The Heavens are real. Our God has made us a home and nothing on this earth can affect that truth. Philippians 1:21 says it all: Paul says, "To me to live is Christ, to die is gain". Me and my son Ryan were feeling a recklessness because of  God's promises and developing a better understanding of His eternal plan. Heck, somebody sew me a cape!!

Being in this "reckless" state of mind had me feeling pretty good. I went from playing it safe to throwing caution to the wind--and I liked it! For years I had talked about getting a tattoo and now that I was in this new mindset, the time felt right. My kids had heard me talk about it for years. So much so, that everyone was pretty much convinced that it was an empty threat kind of thing. Jay wasn't always supportive of my idea to get a tattoo but over time, he liked the idea and, in fact, wanted to give me one on my birthday. The truth is that I was all talk, that is until now. I never knew what I wanted or where I would place it, but finally I had all that figured out and It was time! My son set the appointment and I waited anxiously to go. I was pretty...whats the word? Amped!

When we arrived at the tattoo shop, I couldn't wipe the smile off of my face. Under normal circumstances walking into a place like this would have been intimidating to me, but now I was fearless. There was this chair I was to sit in and it was pretty cool looking; I'm not gonna lie, I was feeling pretty tough. I showed the guy my design, he worked with it a bit, and then it was time. I barred down as he took to my wrist and starting doing his work with his tools. Before I knew it, it was over. The whole process took less than 15 minutes and afterwards I was on a major high. I was so excited! As I went to bed that night it stung a bit and I thought about how Jay would be reacting to my new tattoo. I could see that smile he would make when he was tickled inside. Kind of a smirkey, crooked, grin. I felt good. I fell asleep with the same kind of smirkey, crooked, grin just thinking about it, and thinking about him.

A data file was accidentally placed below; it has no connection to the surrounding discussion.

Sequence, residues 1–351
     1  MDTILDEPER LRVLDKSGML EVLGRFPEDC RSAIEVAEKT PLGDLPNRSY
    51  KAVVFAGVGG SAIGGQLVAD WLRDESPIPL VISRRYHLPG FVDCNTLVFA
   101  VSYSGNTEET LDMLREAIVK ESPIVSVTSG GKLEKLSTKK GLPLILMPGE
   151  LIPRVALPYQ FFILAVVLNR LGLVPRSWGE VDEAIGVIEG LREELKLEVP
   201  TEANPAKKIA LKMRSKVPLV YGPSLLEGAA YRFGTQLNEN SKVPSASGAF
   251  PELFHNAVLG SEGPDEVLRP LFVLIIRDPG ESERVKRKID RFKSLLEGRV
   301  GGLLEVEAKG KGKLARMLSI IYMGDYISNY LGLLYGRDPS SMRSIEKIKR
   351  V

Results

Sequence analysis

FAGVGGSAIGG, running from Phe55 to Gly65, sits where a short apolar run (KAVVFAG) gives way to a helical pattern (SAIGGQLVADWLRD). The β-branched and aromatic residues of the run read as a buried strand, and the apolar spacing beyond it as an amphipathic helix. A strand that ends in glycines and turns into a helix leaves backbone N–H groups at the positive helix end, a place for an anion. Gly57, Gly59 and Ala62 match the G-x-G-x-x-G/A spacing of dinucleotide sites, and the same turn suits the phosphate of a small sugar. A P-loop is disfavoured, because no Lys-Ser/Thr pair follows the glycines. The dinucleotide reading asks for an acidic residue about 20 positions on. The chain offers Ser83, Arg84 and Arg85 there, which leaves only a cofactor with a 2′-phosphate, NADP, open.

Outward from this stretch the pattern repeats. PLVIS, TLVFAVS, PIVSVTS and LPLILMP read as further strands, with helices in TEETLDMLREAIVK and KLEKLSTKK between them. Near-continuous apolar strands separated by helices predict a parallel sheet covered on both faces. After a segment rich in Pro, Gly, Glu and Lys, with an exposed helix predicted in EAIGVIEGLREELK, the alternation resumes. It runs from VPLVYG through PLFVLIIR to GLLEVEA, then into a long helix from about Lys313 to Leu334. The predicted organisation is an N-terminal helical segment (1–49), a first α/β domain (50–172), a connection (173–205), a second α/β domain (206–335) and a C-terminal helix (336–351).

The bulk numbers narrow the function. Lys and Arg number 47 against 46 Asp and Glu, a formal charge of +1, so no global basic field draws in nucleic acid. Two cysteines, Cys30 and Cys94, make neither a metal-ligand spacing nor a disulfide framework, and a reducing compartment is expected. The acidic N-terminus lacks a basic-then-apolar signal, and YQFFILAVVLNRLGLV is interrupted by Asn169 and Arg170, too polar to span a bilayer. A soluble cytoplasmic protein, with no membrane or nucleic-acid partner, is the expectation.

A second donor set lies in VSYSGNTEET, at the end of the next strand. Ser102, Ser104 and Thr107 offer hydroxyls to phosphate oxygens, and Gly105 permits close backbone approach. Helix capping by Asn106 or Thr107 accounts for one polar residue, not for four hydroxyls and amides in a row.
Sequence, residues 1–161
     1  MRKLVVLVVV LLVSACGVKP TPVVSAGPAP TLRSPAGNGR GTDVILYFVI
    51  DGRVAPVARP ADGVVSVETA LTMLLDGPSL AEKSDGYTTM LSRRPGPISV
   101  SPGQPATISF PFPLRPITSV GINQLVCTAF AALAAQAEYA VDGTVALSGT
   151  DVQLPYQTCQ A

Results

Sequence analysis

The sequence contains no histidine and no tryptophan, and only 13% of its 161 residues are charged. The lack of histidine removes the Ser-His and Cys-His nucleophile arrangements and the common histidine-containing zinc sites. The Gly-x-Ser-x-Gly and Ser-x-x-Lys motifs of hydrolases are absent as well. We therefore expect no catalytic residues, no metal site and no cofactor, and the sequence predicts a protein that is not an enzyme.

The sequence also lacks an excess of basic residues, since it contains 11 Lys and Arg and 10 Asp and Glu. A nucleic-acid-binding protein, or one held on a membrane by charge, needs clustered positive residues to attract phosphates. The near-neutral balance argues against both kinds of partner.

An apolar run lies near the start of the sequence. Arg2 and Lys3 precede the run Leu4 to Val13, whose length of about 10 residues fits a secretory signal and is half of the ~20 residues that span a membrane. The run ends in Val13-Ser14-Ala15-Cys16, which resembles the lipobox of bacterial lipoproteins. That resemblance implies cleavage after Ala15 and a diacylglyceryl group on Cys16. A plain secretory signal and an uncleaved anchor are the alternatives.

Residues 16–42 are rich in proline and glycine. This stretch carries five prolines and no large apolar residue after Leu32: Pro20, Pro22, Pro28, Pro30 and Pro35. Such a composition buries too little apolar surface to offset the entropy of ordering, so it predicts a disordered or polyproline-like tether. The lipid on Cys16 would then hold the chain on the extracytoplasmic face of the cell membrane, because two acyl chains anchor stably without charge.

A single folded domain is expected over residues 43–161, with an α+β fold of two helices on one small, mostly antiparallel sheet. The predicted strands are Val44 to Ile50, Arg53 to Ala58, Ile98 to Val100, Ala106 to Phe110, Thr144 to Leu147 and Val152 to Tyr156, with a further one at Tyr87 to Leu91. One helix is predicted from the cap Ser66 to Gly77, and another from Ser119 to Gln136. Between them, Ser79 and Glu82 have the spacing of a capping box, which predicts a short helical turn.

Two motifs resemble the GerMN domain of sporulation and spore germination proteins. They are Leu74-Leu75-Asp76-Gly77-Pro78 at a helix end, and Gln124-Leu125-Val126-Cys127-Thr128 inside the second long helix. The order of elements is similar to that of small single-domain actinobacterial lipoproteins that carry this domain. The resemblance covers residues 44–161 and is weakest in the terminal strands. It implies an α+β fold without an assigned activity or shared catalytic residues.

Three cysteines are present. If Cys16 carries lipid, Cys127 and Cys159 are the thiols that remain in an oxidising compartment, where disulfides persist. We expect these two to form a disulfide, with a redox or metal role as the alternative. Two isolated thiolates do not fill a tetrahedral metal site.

When I woke up the next morning the first thing I felt was the stinging on my wrist from my bold and reckless act the night before. Slowly I rose my arm up and as my tattoo came into sight I literally could hear the silent scream in my head-"I have a tattoo!!" Panic soon set in as thoughts raced through my mind. "Oh my gosh, I'm going to have this on me for the rest of my life!" "What will this look like when I'm 80?!" "It's too loopy!" I sprung up from my bed and was immediately pacing. Yes, I could still see Jay with that smirky grin--only now It was more of an, "I told you so" kind of grin. Within minutes I was downstairs googling tattoo removal. I even called a place to get price quotes. So much for feeling tough! So much for feeling fearless!

Eventually I calmed down and I'm happy to say that I have now come to adore my tattoo. I mean really, I kind of don't have a choice, but it has grown on me. It's special because it has such a precious meaning to me and it's a reminder to me that I'm a fighter. A fighter for what matters--a fighter for faith.

Jesus told a doubting Thomas "because you have seen me, you have believed; blessed are those who have not seen and yet have believed". My husband and I used to tell our children that faith is believing with your heart what you can't see with your eyes.  A more adult explanation of faith is this: "Faith is not a certainty based on physical perception, but is trust grounded in insight into the reality of God, what God is capable of doing... Blessed are those who have not seen and yet have believed."Arland J Hultgren